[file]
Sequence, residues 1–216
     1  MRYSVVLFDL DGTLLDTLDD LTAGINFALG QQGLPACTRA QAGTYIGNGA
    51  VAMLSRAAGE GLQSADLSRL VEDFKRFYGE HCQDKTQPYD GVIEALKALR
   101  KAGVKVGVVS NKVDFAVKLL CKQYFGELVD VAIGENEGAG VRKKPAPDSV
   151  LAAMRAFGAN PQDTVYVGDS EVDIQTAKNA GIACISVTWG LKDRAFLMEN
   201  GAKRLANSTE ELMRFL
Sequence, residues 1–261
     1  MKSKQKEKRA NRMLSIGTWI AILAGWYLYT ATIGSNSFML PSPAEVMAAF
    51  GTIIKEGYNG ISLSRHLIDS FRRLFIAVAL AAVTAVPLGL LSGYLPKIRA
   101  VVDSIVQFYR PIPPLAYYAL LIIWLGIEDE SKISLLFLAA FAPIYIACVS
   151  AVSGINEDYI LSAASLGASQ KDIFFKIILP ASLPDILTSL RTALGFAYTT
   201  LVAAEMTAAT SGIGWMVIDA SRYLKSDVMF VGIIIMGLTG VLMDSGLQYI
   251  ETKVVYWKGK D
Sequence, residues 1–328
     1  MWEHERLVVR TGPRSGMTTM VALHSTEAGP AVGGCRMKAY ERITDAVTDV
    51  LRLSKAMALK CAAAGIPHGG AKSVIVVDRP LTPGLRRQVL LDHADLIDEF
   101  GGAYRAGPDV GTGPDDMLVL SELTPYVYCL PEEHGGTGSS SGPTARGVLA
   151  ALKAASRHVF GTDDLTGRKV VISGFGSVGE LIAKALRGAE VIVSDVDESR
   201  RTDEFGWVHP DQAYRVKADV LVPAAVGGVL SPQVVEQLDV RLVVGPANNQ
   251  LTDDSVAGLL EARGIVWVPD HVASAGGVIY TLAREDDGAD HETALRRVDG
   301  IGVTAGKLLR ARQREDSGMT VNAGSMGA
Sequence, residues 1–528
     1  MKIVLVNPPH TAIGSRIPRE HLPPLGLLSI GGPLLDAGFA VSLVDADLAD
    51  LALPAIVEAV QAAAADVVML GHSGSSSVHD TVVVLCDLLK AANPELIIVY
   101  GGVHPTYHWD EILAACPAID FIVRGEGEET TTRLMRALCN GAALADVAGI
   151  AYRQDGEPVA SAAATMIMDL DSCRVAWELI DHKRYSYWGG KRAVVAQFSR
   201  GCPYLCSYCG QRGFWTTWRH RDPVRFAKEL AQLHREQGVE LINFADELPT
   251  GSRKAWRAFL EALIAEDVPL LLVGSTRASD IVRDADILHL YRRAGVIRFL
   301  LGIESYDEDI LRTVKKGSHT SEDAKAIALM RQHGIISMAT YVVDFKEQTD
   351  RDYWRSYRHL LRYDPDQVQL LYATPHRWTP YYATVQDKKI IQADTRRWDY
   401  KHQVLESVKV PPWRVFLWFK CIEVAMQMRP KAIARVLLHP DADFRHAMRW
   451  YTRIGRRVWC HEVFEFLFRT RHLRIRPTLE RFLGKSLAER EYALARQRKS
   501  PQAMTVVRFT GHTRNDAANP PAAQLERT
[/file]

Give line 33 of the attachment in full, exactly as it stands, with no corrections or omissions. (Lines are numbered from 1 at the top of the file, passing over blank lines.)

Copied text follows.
   501  PQAMTVVRFT GHTRNDAANP PAAQLERT